Skylar Gudasz brings moving voice, ace songwriting to Stopover

North Carolina singer/songwriter reflects

Skylar Gudasz is one of those songwriters that can be appreciated on many levels. On the surface, she writes really great songs. If you’re one to dissect what you’re listening to, you’ll quickly notice her knack for beautiful yet left-field melodies and clever lyrics. Take her 2016 album Oleander, produced by legendary North Carolina musician Chris Stamey, for example. It's an addictive collection of high quality indie rock-meets-Americana, and every song is an absolute earworm.

The same can certainly be said about Gudasz’s latest single, “Play Nice” - taken from her forthcoming Oleander follow-up, set for release this year. The song is a slight sonic departure from her previous effort, but still brilliantly displays the powerful and emotive song craft that she’s become known for.

The Virginia-born, North Carolina-based artist has earned high praise for her work. Over the past several years, she’s become a major part of the music community in the Triangle area of North Carolina, and has played a significant role in Stamey’s acclaimed series of all-star shows celebrating the music of Big Star’s Third.

Music has always been a part of Gudasz’s life, having come from a musical family and started writing songs at a young age.

“I sang my first words, so writing songs is something I’ve always done since I can earliest remember,” she tells Connect ahead of her March 9 showcase at Savannah Stopover Music Festival. “I ended up joining a bunch of bands and getting into rock and roll, and never looked back.”

Going the solo route was natural for Gudasz, who released Oleander to critical acclaim after spending a good deal of time working closely with Stamey to achieve the album’s unique production and sound.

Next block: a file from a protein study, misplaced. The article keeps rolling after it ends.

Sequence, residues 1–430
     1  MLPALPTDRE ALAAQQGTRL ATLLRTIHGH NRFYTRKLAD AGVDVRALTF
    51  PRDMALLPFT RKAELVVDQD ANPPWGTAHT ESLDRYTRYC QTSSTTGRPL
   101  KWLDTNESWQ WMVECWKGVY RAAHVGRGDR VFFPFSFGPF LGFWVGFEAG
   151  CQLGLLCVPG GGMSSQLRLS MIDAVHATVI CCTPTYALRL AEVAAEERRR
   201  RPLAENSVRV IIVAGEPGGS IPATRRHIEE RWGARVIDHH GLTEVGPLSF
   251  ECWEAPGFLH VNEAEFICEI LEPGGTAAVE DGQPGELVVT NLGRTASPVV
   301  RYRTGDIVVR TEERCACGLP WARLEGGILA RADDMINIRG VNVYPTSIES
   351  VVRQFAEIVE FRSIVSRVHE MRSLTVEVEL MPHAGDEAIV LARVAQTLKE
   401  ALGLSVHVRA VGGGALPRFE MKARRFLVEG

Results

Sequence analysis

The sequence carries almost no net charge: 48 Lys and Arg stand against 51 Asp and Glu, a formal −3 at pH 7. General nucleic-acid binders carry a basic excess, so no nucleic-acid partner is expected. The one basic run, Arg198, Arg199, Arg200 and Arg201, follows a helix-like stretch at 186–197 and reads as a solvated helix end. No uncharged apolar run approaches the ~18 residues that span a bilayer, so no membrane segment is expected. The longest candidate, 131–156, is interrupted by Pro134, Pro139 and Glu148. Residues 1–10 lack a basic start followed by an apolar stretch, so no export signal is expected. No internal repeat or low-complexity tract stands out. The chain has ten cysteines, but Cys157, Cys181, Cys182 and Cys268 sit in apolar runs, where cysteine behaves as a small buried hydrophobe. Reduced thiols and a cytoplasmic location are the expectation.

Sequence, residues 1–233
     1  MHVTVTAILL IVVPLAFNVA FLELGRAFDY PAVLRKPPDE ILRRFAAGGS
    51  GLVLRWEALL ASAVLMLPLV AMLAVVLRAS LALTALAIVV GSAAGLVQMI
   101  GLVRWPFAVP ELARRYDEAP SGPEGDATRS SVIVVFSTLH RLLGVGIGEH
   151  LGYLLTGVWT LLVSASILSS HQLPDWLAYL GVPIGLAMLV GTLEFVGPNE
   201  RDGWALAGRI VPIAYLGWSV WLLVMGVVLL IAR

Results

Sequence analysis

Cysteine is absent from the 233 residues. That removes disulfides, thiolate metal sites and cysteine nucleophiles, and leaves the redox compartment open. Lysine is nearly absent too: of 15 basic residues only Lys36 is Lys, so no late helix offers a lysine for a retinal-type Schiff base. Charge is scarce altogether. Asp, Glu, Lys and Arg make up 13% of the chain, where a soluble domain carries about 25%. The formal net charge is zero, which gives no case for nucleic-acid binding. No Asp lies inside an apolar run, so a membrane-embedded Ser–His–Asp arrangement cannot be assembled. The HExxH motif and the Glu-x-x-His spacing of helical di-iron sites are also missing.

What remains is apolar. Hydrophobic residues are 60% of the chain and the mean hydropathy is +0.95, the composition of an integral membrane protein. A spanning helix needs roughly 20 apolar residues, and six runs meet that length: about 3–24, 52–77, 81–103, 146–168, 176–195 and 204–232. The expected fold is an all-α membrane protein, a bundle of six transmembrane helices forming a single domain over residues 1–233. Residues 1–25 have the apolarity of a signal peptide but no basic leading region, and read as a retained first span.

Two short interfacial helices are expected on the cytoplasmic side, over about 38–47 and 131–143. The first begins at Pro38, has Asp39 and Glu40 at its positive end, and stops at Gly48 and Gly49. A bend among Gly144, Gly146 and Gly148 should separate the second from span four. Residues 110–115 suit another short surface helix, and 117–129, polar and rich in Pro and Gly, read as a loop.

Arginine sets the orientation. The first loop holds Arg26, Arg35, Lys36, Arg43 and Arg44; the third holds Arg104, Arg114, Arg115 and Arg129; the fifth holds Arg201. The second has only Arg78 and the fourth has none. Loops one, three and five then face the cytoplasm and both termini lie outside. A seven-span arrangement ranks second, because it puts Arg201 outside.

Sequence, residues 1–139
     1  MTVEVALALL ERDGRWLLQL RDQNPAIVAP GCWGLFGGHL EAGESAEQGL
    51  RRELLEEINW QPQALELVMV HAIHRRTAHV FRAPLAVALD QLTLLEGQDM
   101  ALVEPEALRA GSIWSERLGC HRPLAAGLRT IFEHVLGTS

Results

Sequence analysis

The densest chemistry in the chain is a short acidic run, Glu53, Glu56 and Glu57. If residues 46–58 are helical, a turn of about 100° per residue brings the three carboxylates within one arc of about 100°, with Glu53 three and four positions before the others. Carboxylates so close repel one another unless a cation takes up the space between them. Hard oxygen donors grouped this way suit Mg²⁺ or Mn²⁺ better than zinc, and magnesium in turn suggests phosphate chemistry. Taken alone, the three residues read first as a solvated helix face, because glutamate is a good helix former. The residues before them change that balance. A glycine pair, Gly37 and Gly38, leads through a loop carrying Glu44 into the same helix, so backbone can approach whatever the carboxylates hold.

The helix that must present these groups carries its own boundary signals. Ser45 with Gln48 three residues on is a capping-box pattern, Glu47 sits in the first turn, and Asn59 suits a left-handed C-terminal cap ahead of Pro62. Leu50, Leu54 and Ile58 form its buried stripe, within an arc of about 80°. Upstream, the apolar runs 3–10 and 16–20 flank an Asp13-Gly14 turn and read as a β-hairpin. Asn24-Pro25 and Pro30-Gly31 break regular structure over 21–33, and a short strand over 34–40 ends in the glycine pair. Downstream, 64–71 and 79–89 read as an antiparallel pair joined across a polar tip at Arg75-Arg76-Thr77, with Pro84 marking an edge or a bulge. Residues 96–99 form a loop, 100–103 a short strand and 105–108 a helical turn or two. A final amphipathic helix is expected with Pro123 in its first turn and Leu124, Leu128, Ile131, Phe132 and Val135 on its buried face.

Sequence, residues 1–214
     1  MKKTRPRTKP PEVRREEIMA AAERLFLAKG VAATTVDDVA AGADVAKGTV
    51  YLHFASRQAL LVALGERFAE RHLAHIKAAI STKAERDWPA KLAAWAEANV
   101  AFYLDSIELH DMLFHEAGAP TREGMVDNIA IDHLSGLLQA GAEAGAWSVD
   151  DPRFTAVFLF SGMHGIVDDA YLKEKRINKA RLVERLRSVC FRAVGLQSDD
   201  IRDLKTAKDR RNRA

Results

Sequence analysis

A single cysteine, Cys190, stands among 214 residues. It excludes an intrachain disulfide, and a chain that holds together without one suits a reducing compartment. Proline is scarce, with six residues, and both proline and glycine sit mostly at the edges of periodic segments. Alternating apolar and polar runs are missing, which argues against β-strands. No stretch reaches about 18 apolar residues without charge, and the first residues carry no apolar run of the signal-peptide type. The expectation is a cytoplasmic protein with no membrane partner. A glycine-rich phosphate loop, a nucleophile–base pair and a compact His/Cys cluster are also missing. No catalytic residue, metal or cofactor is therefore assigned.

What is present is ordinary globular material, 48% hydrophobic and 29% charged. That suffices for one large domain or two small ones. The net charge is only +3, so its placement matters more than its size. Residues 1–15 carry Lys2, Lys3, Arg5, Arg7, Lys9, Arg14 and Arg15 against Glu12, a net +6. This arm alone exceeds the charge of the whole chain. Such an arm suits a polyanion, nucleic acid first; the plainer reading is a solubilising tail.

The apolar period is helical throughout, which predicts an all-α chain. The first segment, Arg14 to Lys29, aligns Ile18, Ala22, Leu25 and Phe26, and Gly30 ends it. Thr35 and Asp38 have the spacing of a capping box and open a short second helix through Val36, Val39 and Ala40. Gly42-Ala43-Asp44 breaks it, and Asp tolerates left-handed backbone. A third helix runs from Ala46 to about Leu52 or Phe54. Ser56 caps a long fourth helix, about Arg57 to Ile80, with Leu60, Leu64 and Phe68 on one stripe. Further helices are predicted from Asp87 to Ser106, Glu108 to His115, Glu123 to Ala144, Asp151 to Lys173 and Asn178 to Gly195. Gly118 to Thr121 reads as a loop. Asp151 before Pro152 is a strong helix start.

“He just so deeply cared about all aspects of it,” she says of Stamey’s work on the album. “He’s very dialed in to all of the potential possibilities down to the very minute details.”

Her writing process is fairly open-ended, with most of the work done before it’s time to record but allowing for edits and changes to happen organically in the studio.

“It’s continuing to be written until it’s recorded. Before I come to the studio I finish the form and the lyrics, and there’s a pretty finished map of where things are going to go. Arrangements are more open-ended before I go into the studio,” she says.

“I write a lot at night - that’s when I do my most connected writing. I have to have lots of time to give the song what the space that it needs. Sometimes it comes really fast, and sometimes you get a glimpse of it and it finishes itself later on. And then sometimes it takes years for the song to get to where it wants to go.

“I also write a lot while I’m doing other things - walking, or anything where my hands or my body are physically occupied,” she adds. “Somehow that makes it easier for my mind to go to this meditative place.”